Meanwhile the Covid-19 pandemic has dramatically worsened—and right along with it, the social dysfunction and madness that denies the pandemic, that refuses common sense public health measures, and believes in the most outlandish, contradictory, paranoid conspiracies to explain what is going on, have all gone viral too. It turns out that outlandish, superstitious nonsense that purports to explain epidemics is nothing new. In Epidemics and Society: From the Black Death to the Present, Frank M. Snowden details the many panics and hysterias that accompanied the plague, cholera, typhus, and typhoid fever, before science developed new ways to understand them. The oddity of our current pandemic is how much scientific knowledge is present—and dismissed—in the midst of this crisis. In part this is a result of the triumph of the Cult of the Market, which leaves all explanations and solutions to market mechanisms regardless of the plain necessity of a massive, publicly funded and centrally coordinated public health campaign. The corrosive individualism that dominates U.S. life is a direct cause of the broad failure to adequately confront Covid-19. Ideological obsessions have literally ‘trumped’ common sense and well developed public health practices, putting us in the twin holes of increasing disease and death and economic collapse.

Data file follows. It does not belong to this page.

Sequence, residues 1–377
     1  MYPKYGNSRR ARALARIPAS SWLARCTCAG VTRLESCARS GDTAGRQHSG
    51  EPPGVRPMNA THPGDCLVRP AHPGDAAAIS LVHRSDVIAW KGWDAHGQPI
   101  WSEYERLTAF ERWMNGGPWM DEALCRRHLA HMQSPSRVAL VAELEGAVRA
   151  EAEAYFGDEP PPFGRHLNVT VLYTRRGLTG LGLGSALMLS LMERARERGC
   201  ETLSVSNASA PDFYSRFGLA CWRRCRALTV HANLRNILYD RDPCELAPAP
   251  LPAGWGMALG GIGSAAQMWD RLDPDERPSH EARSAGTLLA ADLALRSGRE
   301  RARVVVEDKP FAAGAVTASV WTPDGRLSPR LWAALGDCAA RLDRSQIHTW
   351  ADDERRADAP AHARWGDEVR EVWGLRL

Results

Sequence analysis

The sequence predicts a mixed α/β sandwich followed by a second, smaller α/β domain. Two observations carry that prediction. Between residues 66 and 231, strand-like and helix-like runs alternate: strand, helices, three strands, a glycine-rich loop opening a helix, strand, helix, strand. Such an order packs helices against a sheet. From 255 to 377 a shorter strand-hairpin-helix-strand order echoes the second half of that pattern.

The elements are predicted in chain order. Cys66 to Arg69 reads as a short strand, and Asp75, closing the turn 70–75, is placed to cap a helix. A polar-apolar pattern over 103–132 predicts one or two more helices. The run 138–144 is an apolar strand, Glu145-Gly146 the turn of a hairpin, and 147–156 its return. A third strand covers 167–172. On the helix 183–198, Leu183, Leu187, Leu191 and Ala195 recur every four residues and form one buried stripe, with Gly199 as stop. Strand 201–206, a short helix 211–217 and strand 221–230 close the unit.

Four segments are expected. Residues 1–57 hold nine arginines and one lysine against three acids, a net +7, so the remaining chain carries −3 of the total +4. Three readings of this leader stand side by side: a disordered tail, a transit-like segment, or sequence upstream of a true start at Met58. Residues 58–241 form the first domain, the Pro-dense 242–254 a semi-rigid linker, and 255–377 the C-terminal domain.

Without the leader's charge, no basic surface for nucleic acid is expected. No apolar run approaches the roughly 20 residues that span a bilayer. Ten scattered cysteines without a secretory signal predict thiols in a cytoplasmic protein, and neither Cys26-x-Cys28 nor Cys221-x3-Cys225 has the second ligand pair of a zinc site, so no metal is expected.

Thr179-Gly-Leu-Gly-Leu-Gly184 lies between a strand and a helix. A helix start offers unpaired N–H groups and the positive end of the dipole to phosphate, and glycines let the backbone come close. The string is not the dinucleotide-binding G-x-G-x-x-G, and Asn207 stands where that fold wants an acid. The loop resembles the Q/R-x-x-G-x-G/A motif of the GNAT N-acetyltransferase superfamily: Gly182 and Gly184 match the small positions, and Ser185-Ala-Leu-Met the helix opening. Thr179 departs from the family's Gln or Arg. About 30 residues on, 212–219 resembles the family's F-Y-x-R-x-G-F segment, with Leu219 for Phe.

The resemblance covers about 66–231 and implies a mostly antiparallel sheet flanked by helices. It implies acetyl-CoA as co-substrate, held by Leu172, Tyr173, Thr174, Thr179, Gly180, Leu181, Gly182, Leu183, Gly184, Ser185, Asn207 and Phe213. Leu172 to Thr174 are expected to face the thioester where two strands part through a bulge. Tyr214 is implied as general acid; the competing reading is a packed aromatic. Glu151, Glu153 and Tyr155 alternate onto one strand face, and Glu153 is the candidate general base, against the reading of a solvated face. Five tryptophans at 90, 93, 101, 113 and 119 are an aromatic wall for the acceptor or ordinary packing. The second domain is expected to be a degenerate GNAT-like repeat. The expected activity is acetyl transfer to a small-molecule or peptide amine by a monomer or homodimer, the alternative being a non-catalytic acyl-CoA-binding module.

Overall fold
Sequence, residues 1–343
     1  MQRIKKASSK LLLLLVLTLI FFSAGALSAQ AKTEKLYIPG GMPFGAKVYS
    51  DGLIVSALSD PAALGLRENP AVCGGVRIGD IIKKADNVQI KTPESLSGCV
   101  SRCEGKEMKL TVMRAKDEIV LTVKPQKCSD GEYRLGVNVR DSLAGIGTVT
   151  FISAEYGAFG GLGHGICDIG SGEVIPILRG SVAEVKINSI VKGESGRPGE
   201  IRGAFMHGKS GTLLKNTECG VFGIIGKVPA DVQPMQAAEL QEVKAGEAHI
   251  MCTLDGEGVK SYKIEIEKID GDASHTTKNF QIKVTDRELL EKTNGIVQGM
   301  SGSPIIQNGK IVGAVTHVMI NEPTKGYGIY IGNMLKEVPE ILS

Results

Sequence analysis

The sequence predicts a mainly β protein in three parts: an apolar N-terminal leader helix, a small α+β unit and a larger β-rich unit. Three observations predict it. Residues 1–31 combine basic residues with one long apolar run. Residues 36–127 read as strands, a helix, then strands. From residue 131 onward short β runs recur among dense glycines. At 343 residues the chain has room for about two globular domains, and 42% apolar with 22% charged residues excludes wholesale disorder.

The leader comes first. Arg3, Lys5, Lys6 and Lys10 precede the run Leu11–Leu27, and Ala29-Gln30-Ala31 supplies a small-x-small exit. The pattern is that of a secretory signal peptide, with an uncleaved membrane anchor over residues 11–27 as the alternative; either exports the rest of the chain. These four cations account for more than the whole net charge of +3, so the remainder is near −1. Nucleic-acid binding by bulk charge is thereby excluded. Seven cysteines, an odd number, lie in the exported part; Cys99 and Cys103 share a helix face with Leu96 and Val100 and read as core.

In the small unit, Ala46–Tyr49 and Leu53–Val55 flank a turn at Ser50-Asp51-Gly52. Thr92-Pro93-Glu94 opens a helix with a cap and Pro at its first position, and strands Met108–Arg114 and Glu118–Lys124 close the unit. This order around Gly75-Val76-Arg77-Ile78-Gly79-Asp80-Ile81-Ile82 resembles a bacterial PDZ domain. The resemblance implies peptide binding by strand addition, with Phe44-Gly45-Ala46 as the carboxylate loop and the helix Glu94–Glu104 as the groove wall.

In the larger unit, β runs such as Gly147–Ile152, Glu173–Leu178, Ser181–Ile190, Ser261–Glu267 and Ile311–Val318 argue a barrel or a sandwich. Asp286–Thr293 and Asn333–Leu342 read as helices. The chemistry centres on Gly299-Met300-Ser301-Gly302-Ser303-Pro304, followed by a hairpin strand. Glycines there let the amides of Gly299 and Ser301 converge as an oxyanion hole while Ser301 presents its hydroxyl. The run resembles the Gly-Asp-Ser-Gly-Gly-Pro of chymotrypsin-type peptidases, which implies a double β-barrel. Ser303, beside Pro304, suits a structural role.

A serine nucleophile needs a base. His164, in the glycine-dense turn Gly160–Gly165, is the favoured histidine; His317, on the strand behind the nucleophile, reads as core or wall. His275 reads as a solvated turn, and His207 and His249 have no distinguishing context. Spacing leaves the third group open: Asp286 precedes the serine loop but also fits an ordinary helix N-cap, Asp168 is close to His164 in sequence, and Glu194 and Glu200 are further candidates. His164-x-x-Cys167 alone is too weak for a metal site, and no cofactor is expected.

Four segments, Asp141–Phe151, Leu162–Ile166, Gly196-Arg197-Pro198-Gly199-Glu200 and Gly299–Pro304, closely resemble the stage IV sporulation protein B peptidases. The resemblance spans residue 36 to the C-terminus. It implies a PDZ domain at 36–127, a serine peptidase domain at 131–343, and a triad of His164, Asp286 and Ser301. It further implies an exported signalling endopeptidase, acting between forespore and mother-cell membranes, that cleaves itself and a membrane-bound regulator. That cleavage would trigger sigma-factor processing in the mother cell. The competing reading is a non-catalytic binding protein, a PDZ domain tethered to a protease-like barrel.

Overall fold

The government is teetering between a full-blown militaristic assault on its own cities and a blithe “nothing to see here” ostrich-head-in-the-sand approach to the unfolding events. From one day to the next, we are bombarded by the narcissist blowhard’s stunning ignorance, endless disinformation and self-serving promotional blather, to the dire warnings of local and state health officials, to soaring statistics of illness and death (even the basic numbers are denied by the crazies of the right and ultra-left). The trauma being inflicted on everyone in this society is going to be with us for a long time, regardless of when this pandemic is finally halted, or if Biden beats Trump—the new wave of PTSD will take its own toll for years to come.

Democracy Wall on Valencia still going strong.